States of Thinking – Declarative

From the Ask Tom mailbag – Part 1 of 4.
Question:
Last week, you created a chart that appeared to break down various states of thinking related to levels of work. Your biggest distinction seemed to be from concrete (short time span) to conceptual (longer time span) levels of work. But you used specific labels to describe states of thinking at Strata Levels I-II-III-IV. Could you be more descriptive in these states.

  • S-I (1 day – 3 months) Declarative (Concrete)
  • S-II (3 months to 12 months) Cumulative (Concrete)
  • S-III (1 year to 2 years) Serial (Concrete)
  • S-IV (2 years to 5 years) Parallel (Concrete)

Response:
When I look at work, I look at two things, the way people make decisions and the way people solve problems. That’s work.

Declarative State (I do declare!) describes the state of problem solving engaged in short time span problems. Something exists because it is declared to exist. In his most recent book, the Undoing Project, Michael Lewis describes the fallibility of such thinking, based on recency bias or vividness bias. Things get connected “just because.” There is an old wives tale that arthritis pain is connected to weather events. A study conducted by Amos Tversky, one of the subjects of Lewis’ book, demonstrates there is no statistical link between arthritis and the weather yet, “a single day of severe pain and extreme weather might sustain a lifetime of belief in a relation between them.”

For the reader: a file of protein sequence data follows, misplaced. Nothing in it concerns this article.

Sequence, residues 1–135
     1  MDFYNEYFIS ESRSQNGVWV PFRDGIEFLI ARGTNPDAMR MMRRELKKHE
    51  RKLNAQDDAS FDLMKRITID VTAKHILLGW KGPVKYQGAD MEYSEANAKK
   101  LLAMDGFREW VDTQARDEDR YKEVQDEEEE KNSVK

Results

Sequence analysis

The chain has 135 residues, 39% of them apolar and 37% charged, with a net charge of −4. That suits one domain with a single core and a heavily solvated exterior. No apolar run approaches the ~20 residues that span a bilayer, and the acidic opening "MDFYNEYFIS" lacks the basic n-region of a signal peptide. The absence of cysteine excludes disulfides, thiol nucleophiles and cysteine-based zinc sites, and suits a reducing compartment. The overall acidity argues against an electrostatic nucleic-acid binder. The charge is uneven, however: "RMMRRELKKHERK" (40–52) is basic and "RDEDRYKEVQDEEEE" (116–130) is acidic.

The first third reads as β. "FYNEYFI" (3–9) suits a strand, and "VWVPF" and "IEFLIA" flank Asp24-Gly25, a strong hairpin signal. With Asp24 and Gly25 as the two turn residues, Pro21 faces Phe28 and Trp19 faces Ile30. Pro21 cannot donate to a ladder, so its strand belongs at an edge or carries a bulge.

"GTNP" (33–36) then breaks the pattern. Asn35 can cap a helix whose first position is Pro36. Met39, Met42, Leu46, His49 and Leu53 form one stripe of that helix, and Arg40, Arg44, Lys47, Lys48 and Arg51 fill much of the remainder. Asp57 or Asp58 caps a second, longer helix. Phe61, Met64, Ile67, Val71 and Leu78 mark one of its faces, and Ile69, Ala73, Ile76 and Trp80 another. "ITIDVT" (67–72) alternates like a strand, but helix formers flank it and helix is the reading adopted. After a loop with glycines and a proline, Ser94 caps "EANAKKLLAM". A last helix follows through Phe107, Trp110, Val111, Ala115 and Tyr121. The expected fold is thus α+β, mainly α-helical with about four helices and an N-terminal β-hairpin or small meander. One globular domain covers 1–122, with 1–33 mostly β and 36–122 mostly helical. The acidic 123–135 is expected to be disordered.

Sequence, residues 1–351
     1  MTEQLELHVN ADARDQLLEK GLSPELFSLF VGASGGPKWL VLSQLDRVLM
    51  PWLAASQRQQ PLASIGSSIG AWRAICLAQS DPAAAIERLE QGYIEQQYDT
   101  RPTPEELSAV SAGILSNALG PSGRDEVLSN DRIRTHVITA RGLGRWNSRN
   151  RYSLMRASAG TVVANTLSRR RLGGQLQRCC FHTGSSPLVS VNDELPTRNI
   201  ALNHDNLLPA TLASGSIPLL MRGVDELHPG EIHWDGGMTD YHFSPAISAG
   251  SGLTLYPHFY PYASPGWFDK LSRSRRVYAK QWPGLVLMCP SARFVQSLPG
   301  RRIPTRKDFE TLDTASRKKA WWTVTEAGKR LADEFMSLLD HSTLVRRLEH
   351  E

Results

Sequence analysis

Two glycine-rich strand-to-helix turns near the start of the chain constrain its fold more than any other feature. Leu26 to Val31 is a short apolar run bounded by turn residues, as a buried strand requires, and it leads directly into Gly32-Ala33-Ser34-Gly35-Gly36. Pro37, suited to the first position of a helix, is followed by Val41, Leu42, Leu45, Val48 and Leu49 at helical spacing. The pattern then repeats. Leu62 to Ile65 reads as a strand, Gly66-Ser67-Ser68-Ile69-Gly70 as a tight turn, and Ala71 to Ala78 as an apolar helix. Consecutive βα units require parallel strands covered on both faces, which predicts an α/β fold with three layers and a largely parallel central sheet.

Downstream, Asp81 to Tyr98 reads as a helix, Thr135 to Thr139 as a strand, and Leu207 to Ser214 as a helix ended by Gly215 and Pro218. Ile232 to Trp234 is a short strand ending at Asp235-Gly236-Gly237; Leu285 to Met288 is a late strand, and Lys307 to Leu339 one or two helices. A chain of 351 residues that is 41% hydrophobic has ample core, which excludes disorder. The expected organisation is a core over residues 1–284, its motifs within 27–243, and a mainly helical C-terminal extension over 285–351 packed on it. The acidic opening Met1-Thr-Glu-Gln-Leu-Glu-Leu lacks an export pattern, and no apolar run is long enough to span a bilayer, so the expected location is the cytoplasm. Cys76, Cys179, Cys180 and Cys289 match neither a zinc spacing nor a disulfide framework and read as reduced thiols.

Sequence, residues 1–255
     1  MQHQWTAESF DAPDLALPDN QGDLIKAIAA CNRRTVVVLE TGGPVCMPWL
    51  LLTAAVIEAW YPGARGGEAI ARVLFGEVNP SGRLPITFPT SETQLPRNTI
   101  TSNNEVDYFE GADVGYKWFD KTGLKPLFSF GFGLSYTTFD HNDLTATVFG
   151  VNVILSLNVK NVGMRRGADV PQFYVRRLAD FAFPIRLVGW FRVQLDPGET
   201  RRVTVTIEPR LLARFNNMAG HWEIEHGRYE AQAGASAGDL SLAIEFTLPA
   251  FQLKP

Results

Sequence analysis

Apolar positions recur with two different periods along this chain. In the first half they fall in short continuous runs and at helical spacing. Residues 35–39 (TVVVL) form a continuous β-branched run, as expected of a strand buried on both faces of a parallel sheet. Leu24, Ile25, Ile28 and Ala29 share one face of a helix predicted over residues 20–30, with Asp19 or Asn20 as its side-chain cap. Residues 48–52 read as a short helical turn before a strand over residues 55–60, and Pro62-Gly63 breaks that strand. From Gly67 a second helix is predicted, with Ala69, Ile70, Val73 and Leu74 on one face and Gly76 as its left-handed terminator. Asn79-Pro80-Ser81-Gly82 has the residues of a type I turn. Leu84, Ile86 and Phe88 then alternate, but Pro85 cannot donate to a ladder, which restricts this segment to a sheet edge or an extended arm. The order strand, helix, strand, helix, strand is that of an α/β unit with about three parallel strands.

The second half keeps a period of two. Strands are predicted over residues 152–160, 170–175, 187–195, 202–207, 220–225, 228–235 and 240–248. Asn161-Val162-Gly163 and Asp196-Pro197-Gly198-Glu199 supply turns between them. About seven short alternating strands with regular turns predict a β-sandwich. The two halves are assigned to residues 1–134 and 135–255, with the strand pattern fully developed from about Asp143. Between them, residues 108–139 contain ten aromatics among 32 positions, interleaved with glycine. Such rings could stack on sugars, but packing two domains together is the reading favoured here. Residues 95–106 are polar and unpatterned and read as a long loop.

Declarative State is a very disjunctive way of seeing the world. Connectivity is imagined, declared, without the requirement of supporting evidence. Given a problem to solve, a person engaged in a declarative state can see the problem, and can consider a small number of presented solutions. A declarative process would start with the most obvious, most convenient, most vivid, most imagined solution, without evidence of its probable effectiveness. Yet, if that solution does not immediately work, the declarative process simply moves to the next most obvious, most convenient, most vivid, most imagined solution. There is the old joke about looking for a set of dropped car keys, in the dark, down the street from the parked car. The person searches down the street, under the streetlight, because searching in the dark, next to the car is too difficult. This scientific process is known as trial and error.

And there are many problems that can be effectively and quickly solved through trial and error problem solving. And there are many people in S-I roles who can play through trial and error so quickly, their solutions appear astounding.

Until they wake up one morning and see the world in a whole new way, things are actually connected. They go from not being able to connect the dots to the next level state of thinking, cumulative. -Tom

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